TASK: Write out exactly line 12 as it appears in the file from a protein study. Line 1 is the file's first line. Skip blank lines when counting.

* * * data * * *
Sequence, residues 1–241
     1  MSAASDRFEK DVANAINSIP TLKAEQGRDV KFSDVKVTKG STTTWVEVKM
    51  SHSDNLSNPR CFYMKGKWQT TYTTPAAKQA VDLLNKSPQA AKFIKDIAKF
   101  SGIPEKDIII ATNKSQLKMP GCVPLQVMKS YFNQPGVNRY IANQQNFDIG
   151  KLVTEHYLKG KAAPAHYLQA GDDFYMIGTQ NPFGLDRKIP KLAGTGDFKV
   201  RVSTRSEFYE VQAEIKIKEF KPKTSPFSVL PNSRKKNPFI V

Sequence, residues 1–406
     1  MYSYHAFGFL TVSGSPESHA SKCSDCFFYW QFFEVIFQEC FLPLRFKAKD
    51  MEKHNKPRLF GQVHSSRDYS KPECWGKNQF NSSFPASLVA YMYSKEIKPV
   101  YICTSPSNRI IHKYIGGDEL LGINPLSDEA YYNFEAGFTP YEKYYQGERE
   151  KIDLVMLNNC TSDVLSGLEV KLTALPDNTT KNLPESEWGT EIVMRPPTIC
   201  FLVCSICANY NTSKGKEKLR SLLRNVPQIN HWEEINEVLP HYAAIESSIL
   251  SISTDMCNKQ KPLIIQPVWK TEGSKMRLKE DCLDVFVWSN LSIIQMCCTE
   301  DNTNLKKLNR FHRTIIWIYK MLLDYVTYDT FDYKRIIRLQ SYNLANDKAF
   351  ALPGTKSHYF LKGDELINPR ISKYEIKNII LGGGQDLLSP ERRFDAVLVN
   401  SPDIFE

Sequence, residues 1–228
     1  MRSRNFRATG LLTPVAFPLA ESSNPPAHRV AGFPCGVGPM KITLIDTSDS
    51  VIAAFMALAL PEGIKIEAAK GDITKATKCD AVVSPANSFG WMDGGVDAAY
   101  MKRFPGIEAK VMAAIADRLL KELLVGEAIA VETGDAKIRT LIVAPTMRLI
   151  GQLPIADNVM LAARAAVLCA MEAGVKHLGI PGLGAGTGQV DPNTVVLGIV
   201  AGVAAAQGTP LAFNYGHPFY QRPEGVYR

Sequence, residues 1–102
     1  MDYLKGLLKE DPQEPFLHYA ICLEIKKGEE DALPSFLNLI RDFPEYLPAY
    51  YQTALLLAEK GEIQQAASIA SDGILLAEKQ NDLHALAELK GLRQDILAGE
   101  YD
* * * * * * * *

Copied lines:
   201  FLVCSICANY NTSKGKEKLR SLLRNVPQIN HWEEINEVLP HYAAIESSIL